VANCOUVER — A coalition of environmental and Indigenous groups is calling on insurance companies to drop or refuse to provide coverage of the Trans Mountain pipeline, although they concede its lead liability insurer has said it will continue to serve the federal government-owned company.
If it can convince insurers to bow out of covering the pipeline and its recently approved expansion project beyond an Aug. 31 renewal date, Ottawa will be forced to self-insure, which will put public dollars at risk, the coalition of 32 groups said in a news release on Thursday.
“The coalition hopes that by pushing companies to drop their existing insurance policies with Trans Mountain and to stop insuring future oilsands projects, it will show the Canadian government that the expansion is uninsurable and should not continue,” the activists say in a news release.
In a response, Trans Mountain said it isn’t concerned about obtaining property and business interruption insurance that’s appropriate for a company of its size.
“Trans Mountain has all the required and necessary insurance in place for our existing operations and for the expansion project and we will do so moving forward,” it said in an emailed statement.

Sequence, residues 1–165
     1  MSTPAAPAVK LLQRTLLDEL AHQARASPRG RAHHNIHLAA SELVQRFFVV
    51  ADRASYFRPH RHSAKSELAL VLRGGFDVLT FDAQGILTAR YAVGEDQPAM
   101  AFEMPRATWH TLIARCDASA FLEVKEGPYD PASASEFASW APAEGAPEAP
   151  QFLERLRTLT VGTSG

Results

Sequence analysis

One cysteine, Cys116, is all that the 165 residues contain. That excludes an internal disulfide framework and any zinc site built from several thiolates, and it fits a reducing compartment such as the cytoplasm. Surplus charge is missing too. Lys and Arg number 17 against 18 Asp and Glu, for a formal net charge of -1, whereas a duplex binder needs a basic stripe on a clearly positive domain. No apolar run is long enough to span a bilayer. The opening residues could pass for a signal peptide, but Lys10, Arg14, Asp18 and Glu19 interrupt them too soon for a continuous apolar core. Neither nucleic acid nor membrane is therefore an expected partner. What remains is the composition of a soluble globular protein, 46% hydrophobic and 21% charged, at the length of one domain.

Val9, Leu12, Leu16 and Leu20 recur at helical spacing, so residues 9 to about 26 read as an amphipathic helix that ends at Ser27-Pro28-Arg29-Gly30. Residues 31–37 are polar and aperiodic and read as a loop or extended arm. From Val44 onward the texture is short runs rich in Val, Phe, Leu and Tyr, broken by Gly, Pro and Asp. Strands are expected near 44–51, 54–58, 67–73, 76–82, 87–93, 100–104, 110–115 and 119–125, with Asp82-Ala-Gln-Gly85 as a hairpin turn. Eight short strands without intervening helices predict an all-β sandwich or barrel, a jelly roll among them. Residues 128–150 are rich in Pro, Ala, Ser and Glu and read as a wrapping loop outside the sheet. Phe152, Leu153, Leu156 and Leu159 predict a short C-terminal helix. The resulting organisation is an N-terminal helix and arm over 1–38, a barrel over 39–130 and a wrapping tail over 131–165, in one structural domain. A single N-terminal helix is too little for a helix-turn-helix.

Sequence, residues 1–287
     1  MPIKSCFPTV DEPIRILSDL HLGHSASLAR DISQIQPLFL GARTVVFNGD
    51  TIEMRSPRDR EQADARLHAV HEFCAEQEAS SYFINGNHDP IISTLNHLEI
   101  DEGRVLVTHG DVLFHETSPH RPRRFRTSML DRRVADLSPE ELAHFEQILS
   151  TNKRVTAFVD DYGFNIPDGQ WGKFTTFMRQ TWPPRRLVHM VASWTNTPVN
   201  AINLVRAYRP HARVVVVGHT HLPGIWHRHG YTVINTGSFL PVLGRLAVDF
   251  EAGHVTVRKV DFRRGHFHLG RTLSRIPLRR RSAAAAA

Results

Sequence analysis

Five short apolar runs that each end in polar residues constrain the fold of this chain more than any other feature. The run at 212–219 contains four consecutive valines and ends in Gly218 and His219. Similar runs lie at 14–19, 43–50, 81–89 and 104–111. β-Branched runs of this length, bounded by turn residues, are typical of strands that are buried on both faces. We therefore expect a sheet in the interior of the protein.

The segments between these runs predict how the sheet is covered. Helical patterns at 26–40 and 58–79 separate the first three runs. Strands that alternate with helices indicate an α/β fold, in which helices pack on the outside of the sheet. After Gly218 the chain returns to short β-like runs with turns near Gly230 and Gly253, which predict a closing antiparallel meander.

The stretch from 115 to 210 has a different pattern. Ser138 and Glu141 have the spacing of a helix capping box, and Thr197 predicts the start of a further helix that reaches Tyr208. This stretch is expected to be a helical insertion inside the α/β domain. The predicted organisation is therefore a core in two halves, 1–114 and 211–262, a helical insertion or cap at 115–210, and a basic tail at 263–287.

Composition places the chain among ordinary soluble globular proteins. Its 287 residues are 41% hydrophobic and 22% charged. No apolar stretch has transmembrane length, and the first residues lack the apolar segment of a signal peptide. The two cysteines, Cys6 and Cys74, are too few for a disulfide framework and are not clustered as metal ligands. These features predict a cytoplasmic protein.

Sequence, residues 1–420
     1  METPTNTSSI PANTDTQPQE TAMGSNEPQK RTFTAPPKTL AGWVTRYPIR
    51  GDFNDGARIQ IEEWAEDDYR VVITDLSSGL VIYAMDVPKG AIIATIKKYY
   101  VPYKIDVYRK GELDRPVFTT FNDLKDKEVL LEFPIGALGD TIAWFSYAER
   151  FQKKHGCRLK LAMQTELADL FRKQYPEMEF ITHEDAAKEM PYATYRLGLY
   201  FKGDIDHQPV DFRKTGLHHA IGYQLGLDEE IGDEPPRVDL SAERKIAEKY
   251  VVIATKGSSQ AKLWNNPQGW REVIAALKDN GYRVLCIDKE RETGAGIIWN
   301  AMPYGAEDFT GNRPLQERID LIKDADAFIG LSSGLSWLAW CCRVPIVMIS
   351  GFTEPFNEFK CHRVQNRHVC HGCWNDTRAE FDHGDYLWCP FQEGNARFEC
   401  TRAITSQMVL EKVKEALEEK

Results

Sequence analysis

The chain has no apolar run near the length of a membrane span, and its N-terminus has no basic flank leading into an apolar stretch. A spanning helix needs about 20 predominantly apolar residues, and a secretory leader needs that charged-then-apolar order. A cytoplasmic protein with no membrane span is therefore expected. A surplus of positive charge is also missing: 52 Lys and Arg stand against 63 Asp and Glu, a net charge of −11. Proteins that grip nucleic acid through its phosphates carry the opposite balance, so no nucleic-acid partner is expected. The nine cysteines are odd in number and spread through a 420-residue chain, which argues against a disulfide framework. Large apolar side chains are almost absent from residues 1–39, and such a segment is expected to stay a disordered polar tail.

“We have no reason to expect any issues with renewal.”
It added it will have $1 billion in financial capacity for cleaning up oil spills as required by legislation.
In a copy of the letter sent to 27 insurers, the coalition asks them to avoid the “reputational and financial risk” of supporting the pipeline from Edmonton to the West Coast in view of the institutions’ commitments to support the Paris climate change agreement and Indigenous rights.
Only 12 of the companies responded to the letter, the coalition says, with most refusing to discuss their dealings with specific clients.
Switzerland-based Zurich Insurance Group, however, has indicated it plans to continue to insure the existing Trans Mountain pipeline, a position the coalition says betrays its climate change and Indigenous rights commitments.
The activists provided a copy of a letter they say is from the company’s CEO, noting that while Zurich’s policy is to restrict insuring oilsands assets, its position is to talk to Trans Mountain’s owner to sort out its climate change goals and clarify whether the pipeline is actually “dedicated” to oilsands.
“It’s clear Zurich needs to commit to not insure the pipeline expansion,” said Tzeporah Berman, international program director at Stand.earth, in the coalition release.
“We are encouraged by Zurich’s recent policy, and we are calling on other insurance companies to stop insuring the expansion of the fossil fuel industry.”